The College website’s redesign and move to WordPress over the Winter Break meant BIG CHANGES for the Library’s website. One of the biggest and best changes was the integration of a new blog with the library’s web presence. As a result of this new development, we will no longer be updating Beyond the Bookshelves, this blog. Instead, you can follow the library’s NEW BLOG. There you’ll find the same news, announcements, and opinions from your favorite librarians you’ve come to enjoy here. Take a look and go ahead and follow us!
February is Black History Month, and while we all take time to recognize and reflect upon our nation’s history, present, and future, we can also make Black History Month come alive thanks to the Library of Congress. Today (February 4) would have been Rosa Parks’ 102nd birthday, and surely not by coincidence, an exhibit of her letters and photographs opens at the Library of Congress.
Selections from the 10,000 item collection will be available for public viewing on the first floor of the Library’s Thomas Jefferson Building from March 2 – 30, and then will be included in the current exhibition The Civil Rights Act of 1964: A Long Struggle For Freedom, which is open through September 12, 2015 on the second floor of the Thomas Jefferson Building. Both exhibits are open Monday – Saturday from 8:30 AM – 4:30 PM.
Pictures of some of the items are available here from The Guardian (full article here) and just from these few pictures, the breadth of the collection is astonishing: there are images of poll tax receipts, a Presidential Medal of Honor, a pancake recipe, and even a letter complaining about not being allowed in the library. Rosa Parks’ act of refusing to give up her seat on the bus is well-known throughout our country – it is rightfully regarded as a seminal moment in not only the civil rights movement, but the whole of U.S. history. To be able to see her thoughts and words in her own handwriting provides a stark perspective of what led her to strike one of the first blows against Jim Crow. Looking at and reading these documents allows us to appreciate the immense significance and courage of her actions – not just on that day in December 1955, but in the ensuing decades until her passing in 2005.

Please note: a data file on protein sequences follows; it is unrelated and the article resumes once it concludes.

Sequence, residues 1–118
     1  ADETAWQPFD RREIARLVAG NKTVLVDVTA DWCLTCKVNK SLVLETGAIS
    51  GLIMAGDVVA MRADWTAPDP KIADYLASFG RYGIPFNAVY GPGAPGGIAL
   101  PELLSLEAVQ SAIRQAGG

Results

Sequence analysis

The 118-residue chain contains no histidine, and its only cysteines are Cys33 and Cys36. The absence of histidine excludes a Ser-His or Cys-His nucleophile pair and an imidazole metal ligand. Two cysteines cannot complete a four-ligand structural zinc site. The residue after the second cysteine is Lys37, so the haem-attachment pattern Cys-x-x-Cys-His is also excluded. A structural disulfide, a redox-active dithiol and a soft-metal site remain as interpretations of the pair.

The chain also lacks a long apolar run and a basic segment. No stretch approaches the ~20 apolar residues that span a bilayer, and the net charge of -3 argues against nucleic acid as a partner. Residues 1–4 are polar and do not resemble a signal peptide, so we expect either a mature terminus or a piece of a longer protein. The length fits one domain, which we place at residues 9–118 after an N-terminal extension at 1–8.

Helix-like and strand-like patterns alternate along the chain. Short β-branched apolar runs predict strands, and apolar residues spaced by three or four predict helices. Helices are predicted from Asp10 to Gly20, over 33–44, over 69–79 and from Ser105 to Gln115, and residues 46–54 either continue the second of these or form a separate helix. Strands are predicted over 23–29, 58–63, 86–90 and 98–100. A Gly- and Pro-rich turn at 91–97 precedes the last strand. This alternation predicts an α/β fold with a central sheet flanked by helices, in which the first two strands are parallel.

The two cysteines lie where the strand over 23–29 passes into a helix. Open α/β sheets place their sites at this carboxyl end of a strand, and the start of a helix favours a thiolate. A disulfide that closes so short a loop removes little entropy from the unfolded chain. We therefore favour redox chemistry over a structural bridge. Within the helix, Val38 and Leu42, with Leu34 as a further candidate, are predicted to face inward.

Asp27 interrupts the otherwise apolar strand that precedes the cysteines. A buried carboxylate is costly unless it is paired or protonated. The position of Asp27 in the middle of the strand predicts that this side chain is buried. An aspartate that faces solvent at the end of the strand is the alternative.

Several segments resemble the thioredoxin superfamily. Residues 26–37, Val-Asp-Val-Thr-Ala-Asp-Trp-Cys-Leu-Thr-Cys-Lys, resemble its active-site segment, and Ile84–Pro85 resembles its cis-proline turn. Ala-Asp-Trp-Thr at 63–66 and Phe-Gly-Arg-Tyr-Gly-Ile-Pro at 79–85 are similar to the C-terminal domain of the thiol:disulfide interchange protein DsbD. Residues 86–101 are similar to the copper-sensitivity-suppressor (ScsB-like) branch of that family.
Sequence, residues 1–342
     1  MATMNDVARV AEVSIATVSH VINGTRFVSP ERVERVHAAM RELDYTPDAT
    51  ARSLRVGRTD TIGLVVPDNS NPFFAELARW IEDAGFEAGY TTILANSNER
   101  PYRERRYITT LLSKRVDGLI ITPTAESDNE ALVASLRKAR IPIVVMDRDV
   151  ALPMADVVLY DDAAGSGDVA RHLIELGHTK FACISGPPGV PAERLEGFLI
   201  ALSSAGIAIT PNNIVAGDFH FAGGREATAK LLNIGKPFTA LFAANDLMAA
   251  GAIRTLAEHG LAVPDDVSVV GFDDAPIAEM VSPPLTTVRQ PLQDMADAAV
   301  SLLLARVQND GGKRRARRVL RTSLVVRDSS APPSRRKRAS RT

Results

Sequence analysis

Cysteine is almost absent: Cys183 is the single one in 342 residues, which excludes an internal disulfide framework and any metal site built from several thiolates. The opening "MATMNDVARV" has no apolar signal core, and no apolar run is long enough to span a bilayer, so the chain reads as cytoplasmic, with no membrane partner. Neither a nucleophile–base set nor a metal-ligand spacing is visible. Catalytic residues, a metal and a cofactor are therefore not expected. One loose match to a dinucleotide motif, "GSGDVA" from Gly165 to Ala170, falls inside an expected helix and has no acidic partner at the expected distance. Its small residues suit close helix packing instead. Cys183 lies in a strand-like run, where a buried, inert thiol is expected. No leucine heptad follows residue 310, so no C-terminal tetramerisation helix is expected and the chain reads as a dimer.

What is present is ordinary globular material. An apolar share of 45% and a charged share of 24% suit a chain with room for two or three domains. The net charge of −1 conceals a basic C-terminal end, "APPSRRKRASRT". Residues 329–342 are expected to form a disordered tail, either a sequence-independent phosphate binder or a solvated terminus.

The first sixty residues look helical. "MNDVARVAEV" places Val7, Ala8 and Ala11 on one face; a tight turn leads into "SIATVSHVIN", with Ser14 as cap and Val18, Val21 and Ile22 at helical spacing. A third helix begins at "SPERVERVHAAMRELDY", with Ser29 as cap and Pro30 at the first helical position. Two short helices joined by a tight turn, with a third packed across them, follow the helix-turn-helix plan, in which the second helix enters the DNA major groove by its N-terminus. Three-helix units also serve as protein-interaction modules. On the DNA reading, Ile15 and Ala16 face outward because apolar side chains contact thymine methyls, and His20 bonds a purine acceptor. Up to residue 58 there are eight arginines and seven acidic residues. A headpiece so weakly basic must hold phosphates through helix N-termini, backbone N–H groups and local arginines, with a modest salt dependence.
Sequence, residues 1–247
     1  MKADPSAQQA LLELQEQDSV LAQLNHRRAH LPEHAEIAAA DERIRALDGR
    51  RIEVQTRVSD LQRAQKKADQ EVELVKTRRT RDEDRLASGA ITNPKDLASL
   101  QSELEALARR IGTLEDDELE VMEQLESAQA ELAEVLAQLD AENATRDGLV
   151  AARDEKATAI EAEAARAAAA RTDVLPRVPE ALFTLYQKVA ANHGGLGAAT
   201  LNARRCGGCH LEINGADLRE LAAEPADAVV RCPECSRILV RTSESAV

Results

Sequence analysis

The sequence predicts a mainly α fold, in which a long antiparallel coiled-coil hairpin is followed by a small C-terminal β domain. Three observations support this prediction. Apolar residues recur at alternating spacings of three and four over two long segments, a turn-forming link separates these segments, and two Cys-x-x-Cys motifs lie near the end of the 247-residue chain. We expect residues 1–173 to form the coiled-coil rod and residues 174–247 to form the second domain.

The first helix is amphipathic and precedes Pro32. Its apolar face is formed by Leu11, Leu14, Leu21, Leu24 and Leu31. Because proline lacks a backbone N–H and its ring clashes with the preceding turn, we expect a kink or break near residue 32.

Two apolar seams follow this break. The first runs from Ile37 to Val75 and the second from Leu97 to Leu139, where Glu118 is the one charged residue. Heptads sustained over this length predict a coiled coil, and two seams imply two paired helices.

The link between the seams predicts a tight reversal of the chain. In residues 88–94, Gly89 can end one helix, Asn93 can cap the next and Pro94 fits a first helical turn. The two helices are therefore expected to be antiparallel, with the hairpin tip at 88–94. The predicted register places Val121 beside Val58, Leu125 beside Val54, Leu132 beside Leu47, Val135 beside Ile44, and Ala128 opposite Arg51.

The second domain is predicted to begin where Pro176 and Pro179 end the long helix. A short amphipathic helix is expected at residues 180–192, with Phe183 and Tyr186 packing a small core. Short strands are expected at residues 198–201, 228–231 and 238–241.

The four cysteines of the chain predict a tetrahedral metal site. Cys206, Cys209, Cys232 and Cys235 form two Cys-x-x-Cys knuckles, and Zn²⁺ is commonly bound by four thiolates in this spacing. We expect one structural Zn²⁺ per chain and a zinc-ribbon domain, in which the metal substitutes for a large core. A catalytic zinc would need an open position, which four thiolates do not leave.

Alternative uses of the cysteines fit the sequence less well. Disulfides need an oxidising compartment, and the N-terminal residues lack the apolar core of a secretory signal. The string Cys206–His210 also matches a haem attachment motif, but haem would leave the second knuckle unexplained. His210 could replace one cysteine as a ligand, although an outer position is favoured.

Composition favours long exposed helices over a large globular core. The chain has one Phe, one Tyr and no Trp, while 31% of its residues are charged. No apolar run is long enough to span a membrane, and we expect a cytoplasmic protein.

If you can’t make it up to D.C. to view the exhibit, fear not – the Library of Congress will be posting some of the collection online later this year. And you can always check out some of the SMCM Library’s materials about Rosa Parks and the larger U.S. civil rights movement.
A violation of privacy
A very disturbing discovery has been made. The software used by the St. Mary’s library, University System of Maryland and Affiliated Institutions (USMAI) libraries, and countless other academic and public libraries to lend ebooks is knowingly violating users’ privacy.
As documented in Ars Technica, Adobe Digital Editions tracks and compiles data on which ebooks users download and read, and exactly what each user does with those books. Worse yet, Adobe is sending that information to its servers in plain text, using unencrypted channels, so just about anyone could access that information. Nate Hoffelder of The Digital Reader made the discovery on October 6, 2014, but the violation is believed to have started with the release of Adobe Digital Editions 4.0 in early September.
How it works
Adobe Digital Editions is used by many libraries as a PDF reader for ebook lending to control the digital rights management (DRM) on all borrowed ebooks. This software is essentially what “returns” a borrowed ebook when the loan expires by removing it from a borrower’s computer. Most ebook publishers require a DRM as part of the licensing or sales agreement to ensure intellectual property rights are not violated by end users.
Librarians are furious. As you may recall from when Edward Snowden leaked the NSA’s secrets, librarians value their patrons’ privacy and take every possible precaution to ensure privacy is maintained. The American Library Association (ALA) has issued this statement and the Library and Information Technology Association (LITA) has published this blog post in reaction to the news. Quoted from the ALA statement:
In response to ALA’s request for information, Adobe reports they “expect an update to be available no later than the week of October 20” in terms of transmission of reader data.
Here at St. Mary’s, we will be keeping a close eye on the situation.
Adobe made available a software update on Friday, October 24th which includes an encryption mechanism so all user data gathered by and sent to Adobe’s servers is no longer transmitted in plain text. ADE users can download the update (and read Adobe’s privacy statement) here. The American Library Association issued a statement on October 27, 2014 and Nate Hoffelder of The Digital Reader published an update on the privacy breach on October 23rd.